September 14, 2018 10:37 PM
The mobile Dapp browsing provider cuts no slack for the popular collaboration tool.
Status recently announced it would discontinue using the workflow and messaging app Slack. According to Chad Jackson, product manager at Status, using Slack violates “pretty much all” of the group’s principles, including “privacy, security, transparency, decentralization, inclusivity, [and] openness.”
Although Jackson indicated that “Slack has been good to” the team, using the app is “gruesome” because it is, ironically, building an alternative service. That alternative is the Status Desktop Dapp, which is “almost ready … once a few rough edges are smoothed out.”
Jackson noted that beta v0.10.0 of the Dapp is launching in the next few weeks, marking the first iteration of the software that would be “a reliable and capable replacement to Slack.” Status’ Desktop crew is expected to migrate exclusively to the Dapp, whereas other teams are encouraged to partially or fully use the service.
By the time most of the organization’s members are using Status Desktop, Jackson said they could set a 30-day deadline to migrate workflows and finally “say goodbye to Slack … and live our values!” He did note, however, that they would “need to find alternatives to Slack bots, private groups, and other Slack-centric features” that the team uses.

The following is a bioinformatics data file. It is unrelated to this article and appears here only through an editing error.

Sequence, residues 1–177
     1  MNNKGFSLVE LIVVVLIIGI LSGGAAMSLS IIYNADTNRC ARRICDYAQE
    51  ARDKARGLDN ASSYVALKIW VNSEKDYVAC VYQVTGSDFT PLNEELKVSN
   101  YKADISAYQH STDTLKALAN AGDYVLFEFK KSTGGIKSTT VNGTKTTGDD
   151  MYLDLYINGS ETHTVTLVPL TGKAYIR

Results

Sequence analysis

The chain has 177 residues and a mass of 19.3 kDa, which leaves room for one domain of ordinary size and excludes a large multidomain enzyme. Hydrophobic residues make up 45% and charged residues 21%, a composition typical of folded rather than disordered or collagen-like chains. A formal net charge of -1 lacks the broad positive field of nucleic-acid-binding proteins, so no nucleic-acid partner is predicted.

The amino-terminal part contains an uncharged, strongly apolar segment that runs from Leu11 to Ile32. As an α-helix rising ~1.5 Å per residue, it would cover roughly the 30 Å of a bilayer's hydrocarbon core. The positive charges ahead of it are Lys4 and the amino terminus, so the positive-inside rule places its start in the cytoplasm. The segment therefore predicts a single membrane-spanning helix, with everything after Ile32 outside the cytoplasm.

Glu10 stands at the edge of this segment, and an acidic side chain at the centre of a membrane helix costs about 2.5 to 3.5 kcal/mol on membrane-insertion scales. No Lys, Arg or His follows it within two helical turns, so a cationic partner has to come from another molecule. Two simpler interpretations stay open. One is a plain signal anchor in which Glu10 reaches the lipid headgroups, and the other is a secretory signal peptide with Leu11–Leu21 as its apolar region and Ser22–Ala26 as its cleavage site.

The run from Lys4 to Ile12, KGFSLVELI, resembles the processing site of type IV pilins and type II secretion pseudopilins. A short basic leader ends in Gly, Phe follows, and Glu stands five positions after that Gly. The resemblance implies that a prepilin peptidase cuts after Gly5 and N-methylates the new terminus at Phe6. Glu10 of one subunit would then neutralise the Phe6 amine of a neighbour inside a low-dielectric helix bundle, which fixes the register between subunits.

Status will be the first organization to use the Status service, though it is currently working on integration with Riot, another collaboration and workflow alternative. After integration with these two groups, Status looks to move “forward with new improvements.”
This is not the first time Status or another blockchain-based group has parted ways with a centralized service provider due to differences in values. Status has mostly stopped using Medium and created its own blogging portal instead. Another project, Aragon, has also left Medium due to concerns over censorship.
Besides the hullabaloo with Slack, the mobile Dapp browsing provider has made recent strides within the cryptospace. On August 1, the team announced its work on Nimbus, a sharding client written in the Nim programming language. A little later, on August 7, ETHNews reported that Status had partnered with the developers of Nim, providing them with funding and resources.
Daniel Putney is a full-time writer for ETHNews. He received his bachelor’s degree in English writing from the University of Nevada, Reno, where he also studied journalism and queer theory. In his free time, he writes poetry, plays the piano, and fangirls over fictional characters. He lives with his partner, three dogs, and two cats in the middle of nowhere, Nevada.
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